Palms Sweaty, Knees Weak, Arms Heavy…How to Beat Speech Anxiety with Carmie McCook
Whether you’re a student, intern or CEO, there will come a time when you must speak in front of an audience, which can be intimidating. As humans we tend to immediately think of all the things that could go wrong like tripping on stage or the audience laughing at us. So, we overcompensate and write boring word-for-word scripts and over-explain simple subjects. But if that doesn’t work, how can we successfully beat speech anxiety?
On today’s episode of the PR Talk podcast, Amy sits down with Executive Communications Coach Carmie McCook. She emphasizes why speaking well is an important career booster, gives tips for easing on-stage nerves, and shares how she built her confidence over the years.
A Slow Moving Boat, Not a Train
Carmie says she was shy as a little girl and didn’t have the best childhood or support system. Her father was extremely negative and regularly pointed out her flaws, so she felt undeserving and had low confidence. It wasn’t until the 6th grade that anyone used her name and the word “amazing” in the same sentence. Carmie’s teacher had encouraged her to answer questions in class and show the world what she had to offer. So, Carmie said she became a little bit of an actress and started to speak and act as confidently as her teacher did. She helped her peers with their student government campaigns and received tons of praise for her talents.
Saying “she was a slow-moving boat, not a train,” Carmie’s confidence steadily grew but she didn’t become a public speaking coach overnight. Going to college for broadcast communications at Georgia State, Carmie tried her hand at being a journalist. While it ended up not being the job for her, it led her to produce commercials and prep CEOs for their lines on camera. Today she trains clients from all over the world to overcome their fears and become excellent public speakers.
Most Common Mistakes
Carmie has seen her fair share of public speaking slip-ups, but notes the three most important things to avoid when giving a speech.
- Lack of energy – Nobody wants to listen to a monotone presentation. If the presenter looks bored, the audience will get bored.
- Writing a script – Reading off a sheet of paper may feel safer when in front of an audience, but it ruins the connection aspect which will lessen the impact of your speech.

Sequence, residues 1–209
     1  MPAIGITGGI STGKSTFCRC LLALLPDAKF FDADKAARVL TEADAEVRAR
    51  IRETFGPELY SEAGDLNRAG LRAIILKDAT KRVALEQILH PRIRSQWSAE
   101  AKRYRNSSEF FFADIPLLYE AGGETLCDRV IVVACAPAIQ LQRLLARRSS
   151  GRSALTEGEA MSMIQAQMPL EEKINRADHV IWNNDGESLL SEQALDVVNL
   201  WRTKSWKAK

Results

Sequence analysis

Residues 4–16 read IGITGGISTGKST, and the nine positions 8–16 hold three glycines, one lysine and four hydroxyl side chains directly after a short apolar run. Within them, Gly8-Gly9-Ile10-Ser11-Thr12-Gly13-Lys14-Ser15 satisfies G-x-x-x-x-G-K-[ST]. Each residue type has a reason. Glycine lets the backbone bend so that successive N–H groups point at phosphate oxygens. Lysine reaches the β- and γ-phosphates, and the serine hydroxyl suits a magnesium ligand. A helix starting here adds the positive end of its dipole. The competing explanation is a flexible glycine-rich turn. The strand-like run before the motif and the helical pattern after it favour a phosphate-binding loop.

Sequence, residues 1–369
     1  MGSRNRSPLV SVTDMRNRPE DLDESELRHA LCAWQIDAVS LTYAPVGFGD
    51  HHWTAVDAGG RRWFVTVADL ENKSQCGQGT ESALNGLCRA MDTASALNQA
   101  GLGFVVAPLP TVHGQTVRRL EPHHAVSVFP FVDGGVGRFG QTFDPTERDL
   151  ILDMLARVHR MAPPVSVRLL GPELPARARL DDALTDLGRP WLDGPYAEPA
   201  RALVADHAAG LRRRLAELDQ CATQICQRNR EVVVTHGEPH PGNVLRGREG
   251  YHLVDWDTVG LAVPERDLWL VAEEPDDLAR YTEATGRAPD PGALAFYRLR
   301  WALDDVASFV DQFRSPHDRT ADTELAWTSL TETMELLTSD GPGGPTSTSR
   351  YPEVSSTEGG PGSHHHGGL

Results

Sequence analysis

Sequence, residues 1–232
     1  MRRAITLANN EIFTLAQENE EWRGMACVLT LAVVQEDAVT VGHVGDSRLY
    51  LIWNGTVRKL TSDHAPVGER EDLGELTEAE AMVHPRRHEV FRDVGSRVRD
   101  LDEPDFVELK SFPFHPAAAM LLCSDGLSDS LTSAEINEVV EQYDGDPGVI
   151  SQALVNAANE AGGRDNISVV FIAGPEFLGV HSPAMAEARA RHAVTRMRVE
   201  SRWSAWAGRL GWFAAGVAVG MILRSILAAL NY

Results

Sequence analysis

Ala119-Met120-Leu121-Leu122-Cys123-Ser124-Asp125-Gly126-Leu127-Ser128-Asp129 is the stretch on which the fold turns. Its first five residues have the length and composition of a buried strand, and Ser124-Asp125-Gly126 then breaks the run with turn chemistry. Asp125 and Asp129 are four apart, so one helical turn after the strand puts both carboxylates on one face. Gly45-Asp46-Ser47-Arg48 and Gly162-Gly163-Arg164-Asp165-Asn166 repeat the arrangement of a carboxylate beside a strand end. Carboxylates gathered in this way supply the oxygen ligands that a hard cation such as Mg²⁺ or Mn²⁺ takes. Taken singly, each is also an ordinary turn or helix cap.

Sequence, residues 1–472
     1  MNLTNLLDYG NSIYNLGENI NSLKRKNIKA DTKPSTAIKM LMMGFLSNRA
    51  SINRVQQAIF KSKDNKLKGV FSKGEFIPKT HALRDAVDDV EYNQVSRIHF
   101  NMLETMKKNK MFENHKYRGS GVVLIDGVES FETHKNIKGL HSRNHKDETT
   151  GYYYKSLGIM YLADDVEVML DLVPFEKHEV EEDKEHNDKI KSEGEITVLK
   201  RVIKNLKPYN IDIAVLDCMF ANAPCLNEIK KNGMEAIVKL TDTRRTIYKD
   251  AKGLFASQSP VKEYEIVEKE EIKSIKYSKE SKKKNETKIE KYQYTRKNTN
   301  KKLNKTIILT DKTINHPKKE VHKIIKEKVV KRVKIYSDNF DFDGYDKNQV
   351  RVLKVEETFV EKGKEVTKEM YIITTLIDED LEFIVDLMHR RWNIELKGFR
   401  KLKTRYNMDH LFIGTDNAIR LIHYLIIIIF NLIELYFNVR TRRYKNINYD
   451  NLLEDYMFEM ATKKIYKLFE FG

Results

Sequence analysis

- Over-explaining – You don’t want your audience to lose interest because you rambled too long. Leave room for questions at the end for further discussion.
Amy points out that today a lot of speeches must be done virtually and asks Carmie what mistakes she’s seen on Zoom lately. Carmie says the list goes on…
- Poor lighting – Be sure to find front-facing lighting and avoid shadows across your face.
- Bad camera angles – Don’t look down at the camera, make sure to raise it up so you can stand tall and not slouch down.
- Distracting backgrounds – Prepare your background so it’s clean and simple.
- Slack clothing – Would you wear that to the office? No? Then change into something more professional.
Put Your Best Foot Forward and Keep it Out of Your Mouth
It’s clear that speech anxiety can get the best of us and mistakes can easily be made, so Amy asked Carmie what tips she has for getting over public speaking nerves. Carmie first emphasizes that we need to act natural and be honest above all else, but adds a few tips to keep in mind.
- Calm down
- Stop comparing yourself to others
- Focus on the things you can do and not what you can’t
- Less is best
When you’re on stage or in front of a camera and realize you are rambling a bit, just stop, admit you could explain your point more simply, smile and go on. If you completely blank out in the middle of your sentence, just say that you lost your train of thought and hopefully you can find it later on, laugh and go on. No one expects a speaker to be perfect, we are all human and everyone makes mistakes.
An Investment in Public Speaking is An Investment in Your Future Career
So now that we know how to beat speech anxiety, Amy wanted to learn how speaker training and purposeful storytelling affect the bottom line. Carmie explained that communication and connection lead to sales. Your company could have the best product on the market, but if you can’t connect or relate to your customers, you won’t be successful. Carmie says she likes to live by this quote by Warren Buffet: “If you learn to communicate clearly and succinctly, I guarantee you will make at least 50% more in your lifetime.”
Amy and Carmie also discuss the differences between media interviews versus public speaking engagements, how to prepare for a speech and give more tips to build confidence. Listen to the full episode to invest in your future career!
About the guest: Carmie McCook
Carmie McCook is an internationally respected public speaking and media interview expert. She has taught thousands of business professionals and other individuals how to become more dynamic, engaging, and persuasive speakers for any media interview, B2B presentation, or public speaking event. Using her techniques, Carmie’s clients have won major competitive contracts, launched new products globally, received promotions, secured funding, handled tough questions from TV reporters, appeared on news programs, responded credibly in crisis situations, and enjoyed standing ovations after giving a speech.
Connect and follow Carmie on social media:
This episode of PR Talk is brought to you by PRSA Oregon
Throughout Oregon and Southwest Washington, PRSA provides members with networking, mentorship, skill building and professional development opportunities – whether you are a new professional fresh out of college or a skilled expert with 20 years in the industry. Check out PRSAoregon.org for more information on how membership can help you grow and connect.